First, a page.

Researchers at Harvard University say America’s obesity epidemic won’t plateau until at least 42 percent of adults are obese, an estimate derived by applying mathematical modeling to 40 years of Framingham Heart Study data.
Their work, published this week in the journal PLoS Computational Biology, runs counter to recent assertions by some experts that the obesity rate, which has been at 34 percent for the past five years, may have peaked. An additional 34 percent of American adults are overweight but not obese, according to the federal government’s Centers for Disease Control and Prevention.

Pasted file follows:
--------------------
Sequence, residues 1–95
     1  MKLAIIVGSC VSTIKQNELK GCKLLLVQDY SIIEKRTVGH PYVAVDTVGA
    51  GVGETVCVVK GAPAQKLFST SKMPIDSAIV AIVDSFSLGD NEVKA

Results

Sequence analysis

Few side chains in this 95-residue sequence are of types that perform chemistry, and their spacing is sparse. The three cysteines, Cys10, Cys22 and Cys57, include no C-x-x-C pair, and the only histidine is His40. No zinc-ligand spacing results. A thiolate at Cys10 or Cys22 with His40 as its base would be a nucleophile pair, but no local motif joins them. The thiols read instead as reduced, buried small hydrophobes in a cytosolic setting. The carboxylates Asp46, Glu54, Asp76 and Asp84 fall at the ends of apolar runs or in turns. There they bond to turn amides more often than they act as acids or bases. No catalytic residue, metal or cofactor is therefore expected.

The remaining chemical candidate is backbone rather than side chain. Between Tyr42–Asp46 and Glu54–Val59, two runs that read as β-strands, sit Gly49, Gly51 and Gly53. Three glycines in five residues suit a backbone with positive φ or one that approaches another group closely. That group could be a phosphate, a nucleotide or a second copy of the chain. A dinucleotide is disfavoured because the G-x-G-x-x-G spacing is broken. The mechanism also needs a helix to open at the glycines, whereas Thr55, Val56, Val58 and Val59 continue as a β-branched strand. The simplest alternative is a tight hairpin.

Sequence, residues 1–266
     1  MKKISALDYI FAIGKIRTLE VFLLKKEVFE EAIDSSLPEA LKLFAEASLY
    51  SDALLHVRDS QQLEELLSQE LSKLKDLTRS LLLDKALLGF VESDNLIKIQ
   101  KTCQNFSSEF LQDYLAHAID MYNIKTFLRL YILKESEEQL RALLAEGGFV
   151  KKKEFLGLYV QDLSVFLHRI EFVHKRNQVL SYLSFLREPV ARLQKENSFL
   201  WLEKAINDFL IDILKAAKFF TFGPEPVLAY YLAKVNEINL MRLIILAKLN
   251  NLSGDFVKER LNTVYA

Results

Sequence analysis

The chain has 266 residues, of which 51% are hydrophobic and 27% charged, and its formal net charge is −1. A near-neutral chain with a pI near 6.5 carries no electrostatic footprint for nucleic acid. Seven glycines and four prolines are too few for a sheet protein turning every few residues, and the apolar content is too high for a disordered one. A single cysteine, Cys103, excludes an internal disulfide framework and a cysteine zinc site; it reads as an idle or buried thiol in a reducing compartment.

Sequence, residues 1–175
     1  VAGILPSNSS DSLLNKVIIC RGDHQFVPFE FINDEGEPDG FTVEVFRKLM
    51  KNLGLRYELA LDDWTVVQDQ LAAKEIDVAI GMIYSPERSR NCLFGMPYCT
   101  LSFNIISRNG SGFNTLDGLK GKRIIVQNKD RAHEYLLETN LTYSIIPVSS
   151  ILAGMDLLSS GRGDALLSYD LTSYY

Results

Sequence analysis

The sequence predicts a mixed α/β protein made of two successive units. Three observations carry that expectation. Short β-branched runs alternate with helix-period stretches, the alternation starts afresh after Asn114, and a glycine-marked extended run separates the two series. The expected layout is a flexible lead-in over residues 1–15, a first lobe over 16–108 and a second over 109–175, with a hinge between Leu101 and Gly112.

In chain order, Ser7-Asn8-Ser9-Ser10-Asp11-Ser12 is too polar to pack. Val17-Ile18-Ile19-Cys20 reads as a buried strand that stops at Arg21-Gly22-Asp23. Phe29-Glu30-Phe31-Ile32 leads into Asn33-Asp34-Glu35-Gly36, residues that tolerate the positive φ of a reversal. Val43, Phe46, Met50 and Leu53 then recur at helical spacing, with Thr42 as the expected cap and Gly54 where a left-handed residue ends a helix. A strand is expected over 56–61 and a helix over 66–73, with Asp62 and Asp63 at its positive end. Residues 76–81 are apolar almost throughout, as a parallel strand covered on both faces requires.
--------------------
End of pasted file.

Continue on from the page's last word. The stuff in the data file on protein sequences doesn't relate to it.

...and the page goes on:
The Harvard scientists say that their modeling shows that the proliferation of obesity among American adults in recent decades owes in large part to its accelerating spread via social networks.
“Our analysis suggests that while people have gotten better at gaining weight since 1971, they haven’t gotten any better at losing weight,” said lead author Alison L. Hill, a graduate student in Harvard’s Program for Evolutionary Dynamics, Biophysics Program, and at the Harvard-MIT Division of Health Sciences and Technology. “Specifically, the rate of weight gain due to social transmission has grown quite rapidly.”